Chargement en cours

An error has occurred. Please

10 best-dressed classical musicians of 2012

Editorial Staff

Written by Alanna Hildt Armitage

Fashion, like music, is a language. And the artists chosen as this year's best-dressed know how to make a statement. Whether on the red carpet or the concert stage, at photo shoots or performing an operatic role, each, in his/her own way, is breathing new life into classical music's often ossified conventions. One look at this list of exciting performers from around the world, and there's no need to fear that the genre is dead. Quite to the contrary. Enjoy!

10. Alison Balsom, trumpet

Last January in Cannes, the self-styled 'trumpet crumpet' appeared on-trend in a cropped moto jacket, skinny jeans and patchwork fur boots by Dolce & Gabbana. (Before any red paint is slung over the mix of rabbit, astrakhan, fox and coyote fur, let me duck behind the doyenne, Anna Wintour, who, in the face of a PETA protest, said that as long as fur is in fashion Vogue will cover it. Anyone want to argue with Wintour?)

Standing with her stunning silver trumpet, Balsom's image imprints as Botticellian angel meets Flaherty’s Nanook of the North. The edgy ensemble is entirely appropriate to herald the arrival of her album, Seraph, which features modern and contemporary concertos, including one written for her by James MacMillan. Fashion police, you decide: roadkill couture or simply fierce?

Alison Balsom, trumpet.

Her profession is still largely the preserve of men, but the powerful femininity projected by English trumpet soloist Balsom is helping to re-gender the instrument.

Last October, Balsom made a sophisticated turn on the red carpet at the Classic BRIT Awards in a black, long-sleeved gown with green-stoned jewelry, referencing Angelina Jolie’s Oscar style of 2009. The appearance preceded the release of her 2nd album of 2012, Sound the Trumpet, a collaboration with Trevor Pinnock that includes freshly arranged pieces of royal music by Purcell and Handel, recorded on a valve-less, baroque trumpet.

Alison Balsom at 2012 Classical BRIT Awards.

9. Diego Matheuz, conductor

Barquisimeto-born Matheuz is a graduate of the Venezuelan sistema, rising quickly to prominence on the world stage. Last year, he was appointed the principal conductor of Teatro la Fenice. His Venice street style is effortless, yet polished, prioritizing freedom of movement, necessary for his profession and those last-minute leaps from a gondola. Matheuz begins his rehearsals dressed in a V-neck sweater, but, with the exertion at the podium, he soon has stripped down to his fashion staple: the striped polo tee, also a favourite of Gustavo Dudamel. Could we have a new “dude” in town?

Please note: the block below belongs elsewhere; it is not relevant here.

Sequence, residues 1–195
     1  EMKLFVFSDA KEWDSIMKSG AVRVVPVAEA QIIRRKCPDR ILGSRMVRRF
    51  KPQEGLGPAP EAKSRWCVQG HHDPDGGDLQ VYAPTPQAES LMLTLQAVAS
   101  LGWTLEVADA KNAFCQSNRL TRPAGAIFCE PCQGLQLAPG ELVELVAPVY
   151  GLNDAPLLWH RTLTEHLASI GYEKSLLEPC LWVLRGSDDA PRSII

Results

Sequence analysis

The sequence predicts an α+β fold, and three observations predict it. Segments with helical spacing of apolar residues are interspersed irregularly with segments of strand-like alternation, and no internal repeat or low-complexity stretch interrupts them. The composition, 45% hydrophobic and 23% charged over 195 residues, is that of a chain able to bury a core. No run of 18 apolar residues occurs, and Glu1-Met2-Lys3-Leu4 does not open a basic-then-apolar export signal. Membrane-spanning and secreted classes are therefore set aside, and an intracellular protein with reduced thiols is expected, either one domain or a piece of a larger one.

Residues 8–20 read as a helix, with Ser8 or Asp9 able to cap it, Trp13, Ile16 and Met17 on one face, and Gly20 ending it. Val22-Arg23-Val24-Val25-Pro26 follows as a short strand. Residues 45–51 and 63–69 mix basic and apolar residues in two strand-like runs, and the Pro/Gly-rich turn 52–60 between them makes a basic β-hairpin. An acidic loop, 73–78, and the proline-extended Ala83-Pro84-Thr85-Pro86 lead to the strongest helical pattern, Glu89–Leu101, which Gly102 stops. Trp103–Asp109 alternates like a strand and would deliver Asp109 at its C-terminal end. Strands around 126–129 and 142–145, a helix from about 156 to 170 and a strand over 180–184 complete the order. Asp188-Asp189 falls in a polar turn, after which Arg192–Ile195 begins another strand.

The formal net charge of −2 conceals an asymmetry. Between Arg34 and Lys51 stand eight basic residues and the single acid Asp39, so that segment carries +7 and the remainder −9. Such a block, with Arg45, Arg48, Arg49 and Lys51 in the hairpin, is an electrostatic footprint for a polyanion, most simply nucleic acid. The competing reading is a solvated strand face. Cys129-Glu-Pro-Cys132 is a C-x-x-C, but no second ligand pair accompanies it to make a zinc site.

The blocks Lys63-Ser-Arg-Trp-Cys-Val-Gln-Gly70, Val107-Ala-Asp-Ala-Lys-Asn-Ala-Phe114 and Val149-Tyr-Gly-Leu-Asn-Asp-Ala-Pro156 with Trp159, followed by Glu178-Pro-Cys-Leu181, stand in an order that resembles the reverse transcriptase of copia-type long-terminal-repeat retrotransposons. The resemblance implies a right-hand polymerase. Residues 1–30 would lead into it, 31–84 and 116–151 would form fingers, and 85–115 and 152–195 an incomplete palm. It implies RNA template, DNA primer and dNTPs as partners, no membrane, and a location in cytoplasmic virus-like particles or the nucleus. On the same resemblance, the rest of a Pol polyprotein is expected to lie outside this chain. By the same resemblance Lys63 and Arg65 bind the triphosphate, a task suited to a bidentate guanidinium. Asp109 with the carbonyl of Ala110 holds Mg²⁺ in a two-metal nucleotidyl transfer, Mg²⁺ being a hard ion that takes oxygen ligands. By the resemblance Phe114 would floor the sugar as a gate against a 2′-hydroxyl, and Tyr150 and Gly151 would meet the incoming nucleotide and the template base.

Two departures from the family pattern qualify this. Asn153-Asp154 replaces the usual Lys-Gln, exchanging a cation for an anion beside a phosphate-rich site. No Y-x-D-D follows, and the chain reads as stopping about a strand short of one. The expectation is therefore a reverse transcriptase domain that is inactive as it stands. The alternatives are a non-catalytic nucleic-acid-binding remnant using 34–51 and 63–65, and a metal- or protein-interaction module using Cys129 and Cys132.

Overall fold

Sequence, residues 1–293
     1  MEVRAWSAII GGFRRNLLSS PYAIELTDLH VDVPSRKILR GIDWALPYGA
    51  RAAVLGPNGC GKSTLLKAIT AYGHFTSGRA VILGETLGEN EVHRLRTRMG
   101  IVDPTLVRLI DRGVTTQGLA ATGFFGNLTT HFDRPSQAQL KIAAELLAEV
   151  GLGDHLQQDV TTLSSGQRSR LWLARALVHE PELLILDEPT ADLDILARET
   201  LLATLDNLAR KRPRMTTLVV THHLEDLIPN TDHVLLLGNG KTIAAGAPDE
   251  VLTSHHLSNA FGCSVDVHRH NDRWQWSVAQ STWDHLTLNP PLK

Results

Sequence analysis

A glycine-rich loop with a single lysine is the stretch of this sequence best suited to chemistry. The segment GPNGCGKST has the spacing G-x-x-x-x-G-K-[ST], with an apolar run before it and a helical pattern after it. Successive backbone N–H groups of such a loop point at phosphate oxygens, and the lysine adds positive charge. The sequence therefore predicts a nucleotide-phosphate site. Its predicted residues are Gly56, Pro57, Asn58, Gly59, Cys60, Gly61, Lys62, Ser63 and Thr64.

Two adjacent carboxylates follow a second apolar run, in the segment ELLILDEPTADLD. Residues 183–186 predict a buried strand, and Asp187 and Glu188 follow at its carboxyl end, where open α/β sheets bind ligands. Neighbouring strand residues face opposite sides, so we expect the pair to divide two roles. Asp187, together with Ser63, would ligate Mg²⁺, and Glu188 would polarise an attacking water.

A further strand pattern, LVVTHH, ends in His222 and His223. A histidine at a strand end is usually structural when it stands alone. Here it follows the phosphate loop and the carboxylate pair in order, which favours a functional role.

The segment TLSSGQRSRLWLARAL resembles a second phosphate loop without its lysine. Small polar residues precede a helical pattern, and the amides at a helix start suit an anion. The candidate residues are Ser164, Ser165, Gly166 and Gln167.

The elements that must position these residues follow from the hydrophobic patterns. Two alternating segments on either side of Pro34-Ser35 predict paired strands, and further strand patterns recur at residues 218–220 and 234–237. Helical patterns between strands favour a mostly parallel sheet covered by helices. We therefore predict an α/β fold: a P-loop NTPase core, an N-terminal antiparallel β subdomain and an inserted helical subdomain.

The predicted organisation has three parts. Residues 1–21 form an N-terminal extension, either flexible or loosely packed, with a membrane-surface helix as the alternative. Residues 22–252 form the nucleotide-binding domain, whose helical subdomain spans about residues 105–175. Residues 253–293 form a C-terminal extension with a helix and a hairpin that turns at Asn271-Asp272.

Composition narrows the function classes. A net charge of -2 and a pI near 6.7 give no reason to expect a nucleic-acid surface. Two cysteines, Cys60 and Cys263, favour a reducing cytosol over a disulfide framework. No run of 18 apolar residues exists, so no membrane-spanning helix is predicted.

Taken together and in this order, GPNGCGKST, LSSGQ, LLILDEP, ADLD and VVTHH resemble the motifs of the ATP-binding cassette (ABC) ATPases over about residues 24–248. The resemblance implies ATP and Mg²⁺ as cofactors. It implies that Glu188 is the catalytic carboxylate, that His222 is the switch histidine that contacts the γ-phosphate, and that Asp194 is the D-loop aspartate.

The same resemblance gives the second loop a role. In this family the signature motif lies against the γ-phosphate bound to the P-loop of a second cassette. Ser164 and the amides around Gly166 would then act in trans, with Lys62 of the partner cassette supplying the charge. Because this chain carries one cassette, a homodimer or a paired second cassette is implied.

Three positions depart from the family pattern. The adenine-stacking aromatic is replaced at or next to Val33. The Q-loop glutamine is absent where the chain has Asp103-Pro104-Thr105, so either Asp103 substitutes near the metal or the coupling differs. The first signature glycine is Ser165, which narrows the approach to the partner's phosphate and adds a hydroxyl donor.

Good thing his style isn’t stuffy, for he’ll be doing a lot more travelling now that he’s been invited to be the principal guest conductor of the Melbourne Symphony Orchestra. The conductor’s best accessory? His chiselled arms, which have La Fenice in danger of being set ablaze yet again.

Conductor Diego Matheuz.

8. Jan Lisiecki, piano

Move over Justin Bieber. Canada has a new teen sensation on the international music scene. Lisiecki has oodles of boyish charm, and a prodigious talent shared on concert stages throughout the world. With his coveted Deutsche Grammophon contract, and the release last April of his 1st album, Mozart: Piano Concertos Nos. 20 & 21, Lisiecki’s style has matured to match his growing career success.

By sporting clothes in a monochromatic palette, attention is drawn to his flowing, golden locks, brushed across his forehead in a manner to rival pop heartthrob Harry Styles.

Pianist Jan Lisiecki.

Calgarian pianist Lisiecki’s best accessory? His perfectly coiffed eyebrows, which sweep dramatically upward to meet his cascading waves of hair. Very musical, indeed. Careful, Jan. It’s only a matter of time before hysterical fans scream and swoon with a condition analogous to 'Lisztomania' or, in contemporary parlance, 'Bieber Fever.' Anyone want to name the affliction?

Jan Lisiecki, pianist.

7. Barbara Hannigan, soprano/conductor

Last February, Hannigan simultaneously sang and conducted the Gulbenkian Orchestra in Lisbon, performing works by Rossini, Mozart, Stravinsky and Ligeti. The dual role, though physically challenging, is a pursuit she relishes with gusto.